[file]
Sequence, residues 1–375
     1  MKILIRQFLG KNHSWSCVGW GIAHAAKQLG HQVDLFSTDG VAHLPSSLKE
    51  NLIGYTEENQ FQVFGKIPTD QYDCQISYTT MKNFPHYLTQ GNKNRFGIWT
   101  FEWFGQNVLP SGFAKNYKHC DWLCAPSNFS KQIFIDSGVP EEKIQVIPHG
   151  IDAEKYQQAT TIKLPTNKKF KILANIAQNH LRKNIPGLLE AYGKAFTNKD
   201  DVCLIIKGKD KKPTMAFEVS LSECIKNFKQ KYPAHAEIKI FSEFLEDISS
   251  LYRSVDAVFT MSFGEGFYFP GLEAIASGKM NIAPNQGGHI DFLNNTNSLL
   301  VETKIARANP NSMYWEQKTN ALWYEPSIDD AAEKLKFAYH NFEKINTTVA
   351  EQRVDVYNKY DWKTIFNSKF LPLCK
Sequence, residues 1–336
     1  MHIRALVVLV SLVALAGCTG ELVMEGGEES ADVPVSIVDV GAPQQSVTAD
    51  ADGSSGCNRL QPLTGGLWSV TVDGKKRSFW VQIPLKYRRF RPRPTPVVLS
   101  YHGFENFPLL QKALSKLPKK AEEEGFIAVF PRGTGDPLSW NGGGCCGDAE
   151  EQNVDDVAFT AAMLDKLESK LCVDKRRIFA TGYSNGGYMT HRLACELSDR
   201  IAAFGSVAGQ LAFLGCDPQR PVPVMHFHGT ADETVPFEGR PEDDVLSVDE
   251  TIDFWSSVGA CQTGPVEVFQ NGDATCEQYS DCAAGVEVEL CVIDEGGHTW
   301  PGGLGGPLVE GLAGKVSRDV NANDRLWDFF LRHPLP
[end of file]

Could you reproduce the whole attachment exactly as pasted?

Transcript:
Sequence, residues 1–375
     1  MKILIRQFLG KNHSWSCVGW GIAHAAKQLG HQVDLFSTDG VAHLPSSLKE
    51  NLIGYTEENQ FQVFGKIPTD QYDCQISYTT MKNFPHYLTQ GNKNRFGIWT
   101  FEWFGQNVLP SGFAKNYKHC DWLCAPSNFS KQIFIDSGVP EEKIQVIPHG
   151  IDAEKYQQAT TIKLPTNKKF KILANIAQNH LRKNIPGLLE AYGKAFTNKD
   201  DVCLIIKGKD KKPTMAFEVS LSECIKNFKQ KYPAHAEIKI FSEFLEDISS
   251  LYRSVDAVFT MSFGEGFYFP GLEAIASGKM NIAPNQGGHI DFLNNTNSLL
   301  VETKIARANP NSMYWEQKTN ALWYEPSIDD AAEKLKFAYH NFEKINTTVA
   351  EQRVDVYNKY DWKTIFNSKF LPLCK
Sequence, residues 1–336
     1  MHIRALVVLV SLVALAGCTG ELVMEGGEES ADVPVSIVDV GAPQQSVTAD
    51  ADGSSGCNRL QPLTGGLWSV TVDGKKRSFW VQIPLKYRRF RPRPTPVVLS
   101  YHGFENFPLL QKALSKLPKK AEEEGFIAVF PRGTGDPLSW NGGGCCGDAE
   151  EQNVDDVAFT AAMLDKLESK LCVDKRRIFA TGYSNGGYMT HRLACELSDR
   201  IAAFGSVAGQ LAFLGCDPQR PVPVMHFHGT ADETVPFEGR PEDDVLSVDE
   251  TIDFWSSVGA CQTGPVEVFQ NGDATCEQYS DCAAGVEVEL CVIDEGGHTW
   301  PGGLGGPLVE GLAGKVSRDV NANDRLWDFF LRHPLP